Simultaneously, Bonhoeffer attempts to ground this concept of autonomy in his Christology, perhaps circumventing my above criticism. As Bethge notes, “The genesis is his Christology; the cross of Christ not only judges and delivers the world, but also give it freedom to be what it is in its own worldly structures.” And this takes us back to his criticisms of existentialism and theologians like Bultmann and Tillich who failed to account for how “Jesus claims for himself and the Kingdom of God the whole of human life in all its manifestations,” not just man in crisis. So, for Bonhoeffer, it is Christ who liberates us to live freely and joyfully in this world, and therefore this Western autonomy is properly Christian. But, we must ask, is it just a coincidence that modernity, in its own ever-progressing quest for man’s autonomy and success in doing so, is fulfilling this properly Christian anthropology? In other words, it seems that Bonhoeffer has two approaches, two starting points even, which have not been correlated or reconciled. The one originates from the phenomena of modern human life as such, and the other originates from the person and work of Jesus Christ. If Bonhoeffer had more consistently located his “religionless” project in the latter, instead of appearing to give undue weight to the former, then perhaps he could avoid censure from those of us who are wary about his proposals in these letters.
Lastly, I must mention his interesting, albeit perplexing, comments on Bultmann’s demythology project. Bultmann has appeared elsewhere in the letters, but here is perhaps the clearest statement:
Bultmann seems to have somehow felt Barth’s limitations, but he misconstrues them in the sense of liberal theology, and so goes off into the typical liberal process of reduction – the ‘mythological elements of Christianity are dropped, and Christianity is reduced to its ‘essense’. My view is that the full content, including the ‘mythological’ concepts, must be kept – the New Testament is not a mythological clothing of a universal truth; this mythology (resurrection etc.) is the thing itself – but the concepts must be interpreted in such a way as not to make religion a pre-condition of faith (cf. Paul and circumcision).
I find this perplexing, because I really do not know what he means. He wants to retain (in some sense not defined) the miraculous and mythological but interpret them in a non-religious, non-metaphysical way, which is what I thought Bultmann was doing! And the concern about not making these metaphysical assumptions (a world where virgin births and bodily resurrections can happen) into “preconditions of faith” is at the heart of Bultmann’s project, as far as I understand it. So how exactly is Bonhoeffer retaining the mythological? Behind this question is the question of what Bonhoeffer means by “metaphysics” in his criticism of “religion.” I have noted the ethical concern, but there seems to be more. Bethge claims that, in Bonhoeffer’s prison letters, “Metaphysics here means a conceptualization of the message within the philosophical framework of both the Greeks and the idealistic philosophers of the nineteenth century.” That’s pretty standard. If that is the case, then what precisely in this metaphysics must change in Bonhoeffer’s reinterpretation into non-religious categories? That is the big, glaring question to which I do not see any satisfying answer, nor does Bonhoeffer even give an attempt to answer this question. I am no fan of Bultmann’s project, but is Bonhoeffer really all that far from him?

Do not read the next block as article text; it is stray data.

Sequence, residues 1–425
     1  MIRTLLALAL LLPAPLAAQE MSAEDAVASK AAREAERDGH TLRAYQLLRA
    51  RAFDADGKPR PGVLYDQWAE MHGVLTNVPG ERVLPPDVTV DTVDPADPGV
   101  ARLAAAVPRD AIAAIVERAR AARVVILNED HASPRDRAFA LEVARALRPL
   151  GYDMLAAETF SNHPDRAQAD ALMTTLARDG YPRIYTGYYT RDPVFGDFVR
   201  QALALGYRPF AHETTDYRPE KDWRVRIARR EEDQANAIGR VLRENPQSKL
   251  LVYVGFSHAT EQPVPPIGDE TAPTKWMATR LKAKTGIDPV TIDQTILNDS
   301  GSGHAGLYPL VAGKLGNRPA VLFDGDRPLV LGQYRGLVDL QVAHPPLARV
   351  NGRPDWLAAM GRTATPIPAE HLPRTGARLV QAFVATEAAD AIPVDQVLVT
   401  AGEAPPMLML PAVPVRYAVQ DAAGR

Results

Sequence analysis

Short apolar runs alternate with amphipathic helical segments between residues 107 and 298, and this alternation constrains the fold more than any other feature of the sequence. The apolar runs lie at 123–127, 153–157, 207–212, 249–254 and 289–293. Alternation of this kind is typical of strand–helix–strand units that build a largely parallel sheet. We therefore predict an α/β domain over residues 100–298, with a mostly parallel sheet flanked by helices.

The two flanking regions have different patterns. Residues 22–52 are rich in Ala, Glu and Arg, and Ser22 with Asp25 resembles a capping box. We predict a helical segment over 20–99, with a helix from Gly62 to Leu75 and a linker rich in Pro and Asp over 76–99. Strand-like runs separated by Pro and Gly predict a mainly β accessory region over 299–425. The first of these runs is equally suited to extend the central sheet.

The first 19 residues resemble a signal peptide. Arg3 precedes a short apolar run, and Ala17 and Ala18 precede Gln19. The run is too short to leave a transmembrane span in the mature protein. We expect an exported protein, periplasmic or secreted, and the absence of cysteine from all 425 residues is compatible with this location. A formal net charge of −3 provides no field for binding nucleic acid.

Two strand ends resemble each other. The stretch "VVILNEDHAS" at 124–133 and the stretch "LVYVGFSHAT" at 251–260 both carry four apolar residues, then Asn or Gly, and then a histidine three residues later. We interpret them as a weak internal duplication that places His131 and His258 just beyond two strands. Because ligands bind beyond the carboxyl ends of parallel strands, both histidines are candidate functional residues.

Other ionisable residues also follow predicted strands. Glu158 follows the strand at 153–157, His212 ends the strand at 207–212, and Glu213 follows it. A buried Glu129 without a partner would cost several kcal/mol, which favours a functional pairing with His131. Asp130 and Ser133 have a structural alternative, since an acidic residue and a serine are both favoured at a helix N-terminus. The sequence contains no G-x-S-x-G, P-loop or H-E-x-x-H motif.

But, as I said at the beginning of the previous post, these are suggestive reflections in the form of letters, while being imprisoned by a genocidal regime! They are not theological treatises, as we are accustomed. As a result, we are left with a lot of questions.
 Not to be confused with “logical positivism,” a philosophical movement of secular post-metaphysical scientism. In theology, “positivism” can also indicate a theology that eschews natural reason, as in Paul Janz’s definition: “Positivism in theology is any position that seeks to uphold the integrity of transcendence (or revelation) by giving up the integrity of reason or of natural enquiry” (Janz, God, the Mind’s Desire [Cambridge University Press, 2004], p. 5; Qtd. in Kevin Diller, Theology’s Epistemological Dilemma [IVP Academic, 2014], p. 80).
 It seems especially odd to criticize Barth in this way, given Barth’s creative and ingenious reworking of the Christian tradition: to wit, his comprehensive rejection of natural theology and his reworking of the doctrine of election, to name two areas where his “novelty” is most criticized to this day. In a letter to Eberhard Bethge, Barth wrote that “positivism of revelation” is “a concept still incomprehensible and unintelligible to me.” See Fragments Grave and Gay (London: Fontana, 1971), 119-122.
 Bonhoeffer, ibid., 325. The book is The World-View of Physics by C F Von Weizsacker and referred to on p. 311, ibidem.
 Ibid., 329, 341, 361.
 Ibid., 286.
 Ibid., 279.
 Eberhard Bethge, “Bonhoeffer’s Christology and His ‘Religionless Christianity,’” Union Seminary Quarterly Review 23:1 (Fall, 1967), 68.
 Bonhoeffer, ibid., 342.
 Ibid., 329. In an earlier letter (p. 285), he criticizes Bultmann for “abridging the gospel” by separating God and miracle, both of which must be interpreted “in a ‘non-religious’ sense.”
 Bethge, ibid., 66. Bethge describes the ethical concern as “to relocate genuine transcendence in this world – in the person next to me” (ibid.).
Image: Painting of Dietrich Bonhoeffer (source)